Todd Skinner summit climber, circa 1988
Credit: Lyn Alweis / Denver Post / Getty Images
Skinner first learned about Lander in 1989, when his sister Holly, a gold prospector, discovered in the nearby foothills a wall of limestone cliffs that reminded her of those that Skinner had loved to climb in France. She wrote to tell him to come check out the virgin faces, called Wild Iris. Sure enough, Skinner did love them and summoned Piana, who came with his then-girlfriend Heidi Badaracco, an expert climber. Skinner rented a small house with Amy Whisler, the woman who would become his wife.

Born and raised in Las Vegas, where her father had a job taking delinquent youths into the mountains on climbing and hiking expeditions, Amy had grown up much as Todd did: scrambling up rock faces and looking for adventure. She supported Skinner's lifestyle wholeheartedly and joined him on many of his quests. The two bought a place in Lander, and opened up a climbing and outdoor equipment store, named Wild Iris after the local walls, and married in 1999. In 1998 their first child Hannah was born, followed by twins Jake and Sarah two years later. Even then Amy did not stand in Skinner's way when he sought out distant climbs and traveled to give speeches.

"Amy sacrificed," says Skinner's friend and frequent climbing partner Steve Bechtel. "As driven as Todd was on his climbs, you needed someone just as dedicated back home. So he was very lucky he hooked up with her."

Skinner and Piana didn't have the cliffs of Wild Iris to themselves for long. "Word went out through climbing magazines that Todd Skinner was climbing in Wyoming," says Bechtel. Soon climbers flocked to Lander. Skinner welcomed the influx, and when he decamped to Texas's Hueco Tanks for the winter he invited his new friends along. Eventually he built a house there, one that could sleep 20 people. "Seven tiny bedrooms and a bunk room with eight bunks," says Amy. "Like a commune."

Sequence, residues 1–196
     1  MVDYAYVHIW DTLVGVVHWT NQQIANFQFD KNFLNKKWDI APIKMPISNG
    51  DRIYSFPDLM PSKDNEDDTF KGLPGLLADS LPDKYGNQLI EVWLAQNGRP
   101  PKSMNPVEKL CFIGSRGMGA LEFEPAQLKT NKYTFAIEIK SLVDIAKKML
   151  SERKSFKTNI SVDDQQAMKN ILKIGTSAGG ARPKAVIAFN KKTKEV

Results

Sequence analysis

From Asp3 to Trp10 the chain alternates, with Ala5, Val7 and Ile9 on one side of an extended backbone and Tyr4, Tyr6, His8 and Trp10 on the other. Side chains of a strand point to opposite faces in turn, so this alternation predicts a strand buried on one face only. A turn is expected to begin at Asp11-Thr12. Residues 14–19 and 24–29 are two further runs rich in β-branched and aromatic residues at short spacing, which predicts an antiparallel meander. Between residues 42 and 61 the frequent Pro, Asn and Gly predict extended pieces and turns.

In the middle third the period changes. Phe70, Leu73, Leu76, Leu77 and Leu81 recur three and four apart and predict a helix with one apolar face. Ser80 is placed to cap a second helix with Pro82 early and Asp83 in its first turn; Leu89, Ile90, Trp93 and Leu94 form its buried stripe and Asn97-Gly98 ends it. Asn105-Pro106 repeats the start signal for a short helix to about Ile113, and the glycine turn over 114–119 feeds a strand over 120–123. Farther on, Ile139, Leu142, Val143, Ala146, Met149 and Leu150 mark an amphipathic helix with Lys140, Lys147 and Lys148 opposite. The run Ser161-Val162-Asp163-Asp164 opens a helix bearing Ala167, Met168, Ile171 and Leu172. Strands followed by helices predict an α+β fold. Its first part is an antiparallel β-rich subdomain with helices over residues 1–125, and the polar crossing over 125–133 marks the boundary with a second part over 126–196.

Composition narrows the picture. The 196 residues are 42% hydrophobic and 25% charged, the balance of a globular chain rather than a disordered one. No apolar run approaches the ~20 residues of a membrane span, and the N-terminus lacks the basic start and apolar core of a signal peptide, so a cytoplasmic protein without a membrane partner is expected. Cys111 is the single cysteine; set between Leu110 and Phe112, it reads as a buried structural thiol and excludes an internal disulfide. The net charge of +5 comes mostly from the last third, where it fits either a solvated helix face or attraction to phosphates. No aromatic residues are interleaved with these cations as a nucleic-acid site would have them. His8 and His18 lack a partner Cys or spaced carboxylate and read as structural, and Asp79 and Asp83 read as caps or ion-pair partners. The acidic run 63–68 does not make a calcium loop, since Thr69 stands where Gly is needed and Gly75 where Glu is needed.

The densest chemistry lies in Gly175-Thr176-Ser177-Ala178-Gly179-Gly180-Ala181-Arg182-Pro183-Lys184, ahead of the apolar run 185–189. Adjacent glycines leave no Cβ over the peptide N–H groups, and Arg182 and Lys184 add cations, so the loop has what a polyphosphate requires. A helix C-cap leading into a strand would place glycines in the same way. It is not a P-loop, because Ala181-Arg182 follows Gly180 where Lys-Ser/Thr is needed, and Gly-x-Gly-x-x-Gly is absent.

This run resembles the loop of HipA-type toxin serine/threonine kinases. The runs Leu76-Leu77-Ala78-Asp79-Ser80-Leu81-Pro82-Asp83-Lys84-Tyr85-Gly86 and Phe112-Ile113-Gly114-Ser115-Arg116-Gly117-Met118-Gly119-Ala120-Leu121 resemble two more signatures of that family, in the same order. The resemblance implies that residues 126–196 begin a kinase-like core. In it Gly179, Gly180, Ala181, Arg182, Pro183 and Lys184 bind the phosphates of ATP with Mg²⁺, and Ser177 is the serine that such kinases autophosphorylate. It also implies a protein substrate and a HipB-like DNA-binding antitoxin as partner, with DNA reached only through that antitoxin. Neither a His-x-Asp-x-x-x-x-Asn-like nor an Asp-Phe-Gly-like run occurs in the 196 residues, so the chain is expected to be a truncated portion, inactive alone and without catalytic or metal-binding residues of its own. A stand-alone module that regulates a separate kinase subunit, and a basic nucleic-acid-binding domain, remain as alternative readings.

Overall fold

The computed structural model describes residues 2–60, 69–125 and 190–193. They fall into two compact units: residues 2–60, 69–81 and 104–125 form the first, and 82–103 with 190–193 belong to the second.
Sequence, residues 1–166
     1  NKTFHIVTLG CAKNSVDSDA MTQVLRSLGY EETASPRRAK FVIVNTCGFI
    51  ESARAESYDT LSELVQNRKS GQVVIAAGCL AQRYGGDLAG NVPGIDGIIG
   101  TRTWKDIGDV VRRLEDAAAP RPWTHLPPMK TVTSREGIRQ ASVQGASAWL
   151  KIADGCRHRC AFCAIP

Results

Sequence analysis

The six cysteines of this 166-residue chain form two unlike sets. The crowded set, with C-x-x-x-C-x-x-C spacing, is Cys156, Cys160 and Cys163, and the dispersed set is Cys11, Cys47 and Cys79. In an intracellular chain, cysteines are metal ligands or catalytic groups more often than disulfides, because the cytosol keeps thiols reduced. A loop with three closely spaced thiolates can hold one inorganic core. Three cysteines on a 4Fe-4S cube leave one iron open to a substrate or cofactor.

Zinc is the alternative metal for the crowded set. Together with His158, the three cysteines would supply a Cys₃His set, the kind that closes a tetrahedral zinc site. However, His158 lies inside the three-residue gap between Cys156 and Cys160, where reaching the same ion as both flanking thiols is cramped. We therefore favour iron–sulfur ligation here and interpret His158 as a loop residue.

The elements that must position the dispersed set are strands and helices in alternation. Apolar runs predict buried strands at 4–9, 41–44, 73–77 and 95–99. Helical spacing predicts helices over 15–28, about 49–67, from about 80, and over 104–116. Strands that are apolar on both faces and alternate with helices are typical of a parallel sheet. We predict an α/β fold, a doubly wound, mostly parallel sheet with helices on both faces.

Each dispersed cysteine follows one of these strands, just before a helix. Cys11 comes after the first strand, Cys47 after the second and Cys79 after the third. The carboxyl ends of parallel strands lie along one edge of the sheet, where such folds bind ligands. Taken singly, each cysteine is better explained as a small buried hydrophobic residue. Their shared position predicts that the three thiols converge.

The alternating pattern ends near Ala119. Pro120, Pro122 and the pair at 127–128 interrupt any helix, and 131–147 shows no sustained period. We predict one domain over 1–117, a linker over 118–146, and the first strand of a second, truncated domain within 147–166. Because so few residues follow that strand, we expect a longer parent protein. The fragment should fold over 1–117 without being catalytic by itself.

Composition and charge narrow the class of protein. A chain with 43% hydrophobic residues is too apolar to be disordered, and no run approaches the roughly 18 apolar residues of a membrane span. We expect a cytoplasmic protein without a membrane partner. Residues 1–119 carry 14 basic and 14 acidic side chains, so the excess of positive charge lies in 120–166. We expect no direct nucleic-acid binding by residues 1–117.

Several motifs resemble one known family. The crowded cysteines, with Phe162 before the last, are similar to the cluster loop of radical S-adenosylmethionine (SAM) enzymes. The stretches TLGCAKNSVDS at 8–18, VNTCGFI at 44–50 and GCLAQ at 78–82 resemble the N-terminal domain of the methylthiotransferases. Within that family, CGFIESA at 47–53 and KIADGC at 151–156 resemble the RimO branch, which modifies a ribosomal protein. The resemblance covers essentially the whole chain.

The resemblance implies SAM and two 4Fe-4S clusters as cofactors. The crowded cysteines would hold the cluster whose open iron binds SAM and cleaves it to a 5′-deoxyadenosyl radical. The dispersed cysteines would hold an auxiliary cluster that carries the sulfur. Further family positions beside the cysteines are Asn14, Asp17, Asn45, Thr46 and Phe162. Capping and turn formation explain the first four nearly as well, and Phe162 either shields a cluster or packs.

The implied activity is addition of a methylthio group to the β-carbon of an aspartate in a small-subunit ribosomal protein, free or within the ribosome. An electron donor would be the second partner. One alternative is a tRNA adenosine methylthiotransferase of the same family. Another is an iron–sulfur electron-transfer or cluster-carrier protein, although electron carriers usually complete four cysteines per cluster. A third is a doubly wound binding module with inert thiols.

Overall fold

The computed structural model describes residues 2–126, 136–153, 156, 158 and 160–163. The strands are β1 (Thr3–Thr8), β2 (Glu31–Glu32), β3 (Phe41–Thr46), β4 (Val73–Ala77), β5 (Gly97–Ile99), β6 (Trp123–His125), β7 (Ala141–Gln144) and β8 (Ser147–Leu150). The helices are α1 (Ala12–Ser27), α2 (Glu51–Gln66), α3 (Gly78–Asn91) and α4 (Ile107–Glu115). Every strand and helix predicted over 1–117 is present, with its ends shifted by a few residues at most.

Skinner delighted in the company of veteran and novice climbers alike, but he also remained maniacally focused on his own personal climbing goals. After the Salathé he and Piana hatched a plan to climb the three other major walls in North America: Mount Hooker in Wyoming, Mount Proboscis in Canada, and the northwest face of Half Dome in Yosemite. He and Piana achieved the first two goals with relative ease, but on Half Dome's 2,400-foot northwest face, they stalled. After finishing the first two pitches, they hit a blank wall of smooth stone devoid of holds. They spent 20 days trying to find a way up; then Piana quit. Skinner went through three more partners and 30 more days of trying, to no avail. Fifty days into the ordeal he talked Steve Bechtel into coming to Yosemite. Bechtel brought Canadian climber Chris Oates with him, and the three finished the wall in 10 days. Bechtel was stunned by Skinner's commitment.

"It's so easy to get discouraged," he says, "because if you try something and you fail, your feedback loop is 'I'm not good enough to do that.' But this guy would fail 60 or 70 or 80 times – for 80 days – and still wake up in the morning ready to go."